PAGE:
Back in the office, designers have also excelled themselves. I would find it impossible to choose a “front page of the fortnight” this time, so may I just highlight a few clean, compelling covers, starting with this pair from the Sun.
The woman injured in the opening attack featured on several front pages, but few managed to name her. The Sun called her simply “Helena, a teacher” – as did the Telegraph, which used her photograph inside. For the Mirror, she was “a teacher”, for the Times “a victim”, for the Guardian “an injured woman” and for Metro “Ukrainian woman” without even an indefinite article. The Express made no attempt at any identification, other than to plonk her picture on what was actually a very strong front page (apart from a picture of Boris Johnson where really Putin should have been).
Hats off to the Mail for finding out that that her full name is Olena Kurilo and that she is 53.
What about other news?
The invasion was such an obviously momentous event that almost everyone cleared their front pages of every other subject, removing puffs, ads and any other furniture. The exceptions were the FT, which kept its stock market stats but otherwise went all-out; the Telegraph, which kept its “rest of the news in brief” panel at the foot of the page; and the Daily Star, which decided that its readers also needed to know about Vicky’s drink hell and Abba. For a paper that has scored repeatedly in the past couple of years with its satirising of political leaders, the Putin-come-Hitler mockup was perhaps predictable, apposite even. But the mix jarred.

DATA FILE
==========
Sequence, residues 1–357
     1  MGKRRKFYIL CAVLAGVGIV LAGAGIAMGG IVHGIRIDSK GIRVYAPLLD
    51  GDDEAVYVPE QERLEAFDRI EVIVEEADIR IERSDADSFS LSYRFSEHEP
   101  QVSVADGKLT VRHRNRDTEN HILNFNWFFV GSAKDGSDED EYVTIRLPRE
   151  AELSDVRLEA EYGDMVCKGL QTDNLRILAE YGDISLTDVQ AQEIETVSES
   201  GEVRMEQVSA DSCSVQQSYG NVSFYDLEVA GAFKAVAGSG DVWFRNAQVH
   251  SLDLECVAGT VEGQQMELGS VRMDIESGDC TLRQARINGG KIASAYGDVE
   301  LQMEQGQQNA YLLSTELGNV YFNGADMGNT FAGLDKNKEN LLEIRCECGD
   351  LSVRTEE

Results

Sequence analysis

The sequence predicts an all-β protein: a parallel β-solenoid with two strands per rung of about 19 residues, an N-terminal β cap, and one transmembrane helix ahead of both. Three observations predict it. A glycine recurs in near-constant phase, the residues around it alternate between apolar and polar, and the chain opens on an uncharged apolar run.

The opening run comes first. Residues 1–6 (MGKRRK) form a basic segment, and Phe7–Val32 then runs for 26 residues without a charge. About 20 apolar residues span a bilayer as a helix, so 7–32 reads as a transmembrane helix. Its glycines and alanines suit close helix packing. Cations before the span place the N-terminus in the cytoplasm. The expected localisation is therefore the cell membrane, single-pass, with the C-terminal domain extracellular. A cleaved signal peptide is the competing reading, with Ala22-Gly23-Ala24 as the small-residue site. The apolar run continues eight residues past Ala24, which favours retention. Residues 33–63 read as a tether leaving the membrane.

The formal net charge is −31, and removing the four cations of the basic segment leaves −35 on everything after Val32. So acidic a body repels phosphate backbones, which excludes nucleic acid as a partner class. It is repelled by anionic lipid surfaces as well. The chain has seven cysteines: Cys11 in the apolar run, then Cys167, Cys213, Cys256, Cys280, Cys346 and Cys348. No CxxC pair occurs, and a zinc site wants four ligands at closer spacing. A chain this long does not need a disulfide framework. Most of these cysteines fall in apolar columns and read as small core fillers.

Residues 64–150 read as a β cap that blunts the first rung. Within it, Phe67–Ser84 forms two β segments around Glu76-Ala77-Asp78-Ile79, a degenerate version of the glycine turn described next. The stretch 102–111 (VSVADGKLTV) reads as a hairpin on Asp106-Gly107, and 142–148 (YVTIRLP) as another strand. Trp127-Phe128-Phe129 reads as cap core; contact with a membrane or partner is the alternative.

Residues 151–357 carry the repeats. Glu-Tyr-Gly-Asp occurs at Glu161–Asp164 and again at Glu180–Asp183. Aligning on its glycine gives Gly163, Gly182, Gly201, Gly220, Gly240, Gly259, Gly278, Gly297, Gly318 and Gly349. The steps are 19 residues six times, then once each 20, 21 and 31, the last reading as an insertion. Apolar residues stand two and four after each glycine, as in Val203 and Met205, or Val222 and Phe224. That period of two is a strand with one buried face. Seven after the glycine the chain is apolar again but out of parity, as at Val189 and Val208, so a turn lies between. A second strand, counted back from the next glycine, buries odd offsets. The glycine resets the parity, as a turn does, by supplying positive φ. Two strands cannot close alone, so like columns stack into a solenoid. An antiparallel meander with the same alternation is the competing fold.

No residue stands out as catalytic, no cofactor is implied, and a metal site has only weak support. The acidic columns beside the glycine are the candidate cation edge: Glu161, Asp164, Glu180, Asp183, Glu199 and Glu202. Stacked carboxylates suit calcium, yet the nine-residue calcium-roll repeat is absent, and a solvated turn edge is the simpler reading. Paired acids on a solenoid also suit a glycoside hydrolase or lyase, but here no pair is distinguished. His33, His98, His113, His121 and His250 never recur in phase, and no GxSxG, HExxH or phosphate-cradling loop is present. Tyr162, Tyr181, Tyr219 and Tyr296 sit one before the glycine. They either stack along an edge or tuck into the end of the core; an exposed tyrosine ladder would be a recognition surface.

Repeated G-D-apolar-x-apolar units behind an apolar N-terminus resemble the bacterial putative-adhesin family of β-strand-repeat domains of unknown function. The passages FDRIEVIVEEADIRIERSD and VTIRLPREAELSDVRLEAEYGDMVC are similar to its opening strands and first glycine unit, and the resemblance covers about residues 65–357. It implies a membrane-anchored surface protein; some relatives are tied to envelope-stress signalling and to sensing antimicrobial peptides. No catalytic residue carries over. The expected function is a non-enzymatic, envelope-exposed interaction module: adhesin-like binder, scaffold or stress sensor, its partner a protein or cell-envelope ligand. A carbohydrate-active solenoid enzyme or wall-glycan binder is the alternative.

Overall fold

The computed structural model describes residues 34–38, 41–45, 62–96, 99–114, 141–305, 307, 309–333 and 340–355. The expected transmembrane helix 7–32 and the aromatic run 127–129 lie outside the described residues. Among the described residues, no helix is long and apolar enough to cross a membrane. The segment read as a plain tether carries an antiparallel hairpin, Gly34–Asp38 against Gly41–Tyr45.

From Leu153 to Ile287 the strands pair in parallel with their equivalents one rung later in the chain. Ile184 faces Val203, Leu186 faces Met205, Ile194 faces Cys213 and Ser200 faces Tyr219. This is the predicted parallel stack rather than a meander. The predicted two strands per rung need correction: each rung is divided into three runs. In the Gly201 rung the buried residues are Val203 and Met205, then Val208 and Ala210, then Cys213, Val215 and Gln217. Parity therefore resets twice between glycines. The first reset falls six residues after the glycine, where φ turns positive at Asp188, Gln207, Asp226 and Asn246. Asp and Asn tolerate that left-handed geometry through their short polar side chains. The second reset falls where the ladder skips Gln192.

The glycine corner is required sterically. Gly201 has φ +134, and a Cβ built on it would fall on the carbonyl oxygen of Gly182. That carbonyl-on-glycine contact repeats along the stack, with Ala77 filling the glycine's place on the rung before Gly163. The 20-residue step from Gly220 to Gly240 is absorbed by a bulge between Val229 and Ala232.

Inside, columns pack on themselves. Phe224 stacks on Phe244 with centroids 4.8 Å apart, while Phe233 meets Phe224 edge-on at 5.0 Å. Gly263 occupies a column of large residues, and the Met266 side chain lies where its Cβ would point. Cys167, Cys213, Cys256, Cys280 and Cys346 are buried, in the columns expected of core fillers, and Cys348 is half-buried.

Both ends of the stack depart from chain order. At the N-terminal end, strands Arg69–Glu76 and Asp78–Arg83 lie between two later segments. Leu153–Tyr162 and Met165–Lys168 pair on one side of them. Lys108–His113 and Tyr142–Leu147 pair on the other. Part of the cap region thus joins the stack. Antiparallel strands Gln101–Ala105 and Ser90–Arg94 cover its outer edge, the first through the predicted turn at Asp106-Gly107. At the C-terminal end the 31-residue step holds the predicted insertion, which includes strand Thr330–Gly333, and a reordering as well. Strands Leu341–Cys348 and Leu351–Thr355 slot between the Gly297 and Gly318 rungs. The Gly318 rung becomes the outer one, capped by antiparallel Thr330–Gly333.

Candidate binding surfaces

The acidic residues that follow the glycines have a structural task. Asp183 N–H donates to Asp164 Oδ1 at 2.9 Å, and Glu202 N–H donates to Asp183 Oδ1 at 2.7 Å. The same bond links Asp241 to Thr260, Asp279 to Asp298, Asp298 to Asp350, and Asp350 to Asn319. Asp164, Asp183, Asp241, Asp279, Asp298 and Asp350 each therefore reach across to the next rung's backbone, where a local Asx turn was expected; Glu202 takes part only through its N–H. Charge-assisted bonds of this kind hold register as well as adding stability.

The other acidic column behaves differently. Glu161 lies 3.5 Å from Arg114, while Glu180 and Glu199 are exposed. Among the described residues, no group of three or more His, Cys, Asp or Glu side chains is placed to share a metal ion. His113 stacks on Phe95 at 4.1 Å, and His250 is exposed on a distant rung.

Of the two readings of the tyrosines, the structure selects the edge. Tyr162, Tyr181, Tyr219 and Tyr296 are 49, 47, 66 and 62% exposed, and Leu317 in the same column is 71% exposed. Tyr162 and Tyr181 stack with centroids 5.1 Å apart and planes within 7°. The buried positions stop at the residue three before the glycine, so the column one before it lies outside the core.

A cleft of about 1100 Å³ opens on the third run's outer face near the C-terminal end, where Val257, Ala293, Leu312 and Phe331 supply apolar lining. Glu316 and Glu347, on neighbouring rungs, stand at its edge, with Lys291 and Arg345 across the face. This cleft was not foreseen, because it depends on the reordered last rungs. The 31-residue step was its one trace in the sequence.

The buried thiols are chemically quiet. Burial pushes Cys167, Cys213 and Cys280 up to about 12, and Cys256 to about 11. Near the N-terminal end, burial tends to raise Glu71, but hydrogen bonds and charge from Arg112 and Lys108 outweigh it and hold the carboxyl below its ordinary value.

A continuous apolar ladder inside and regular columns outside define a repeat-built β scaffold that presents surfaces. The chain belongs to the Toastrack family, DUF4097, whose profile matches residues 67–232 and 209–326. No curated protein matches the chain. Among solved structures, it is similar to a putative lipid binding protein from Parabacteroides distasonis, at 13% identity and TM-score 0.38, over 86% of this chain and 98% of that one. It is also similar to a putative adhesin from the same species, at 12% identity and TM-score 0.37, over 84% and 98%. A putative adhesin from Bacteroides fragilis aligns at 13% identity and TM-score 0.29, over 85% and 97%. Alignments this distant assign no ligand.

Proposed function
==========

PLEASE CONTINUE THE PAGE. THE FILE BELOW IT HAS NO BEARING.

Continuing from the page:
The Star did, however, put the story on its first spread, while the Telegraph decided even on day one that readers needed a break before being plunged into war on pages 4 and 5.
The Telegraph used to be the country’s best-selling “quality paper”, renowned for its extensive and detailed news coverage. Nowadays, it runs bigger and bigger pictures, which means it loses the advantage of being broadsheet in terms of squeezing in more words, and pagination is so tight that even the biggest stories cannot run for page after page, so it limited the invasion to six inside news pages. I was surprised, therefore, to discover that what looked like comparatively scant coverage wasn’t as far behind the Guardian as I’d thought, with a total of 11,359 words of news reports and eye witness accounts against 13,478 (this is excluding comment and leaders). The Times was way ahead with 17,207 over 13 pages and the Mail had 16,209 in its run from page 1 to the leader on page 22. The Sun came in at 7,391, across 11 news pages. Not bad for a “comic”.
Nowadays, it runs bigger and bigger pictures, which means it loses the advantage of being broadsheet in terms of squeezing in more words.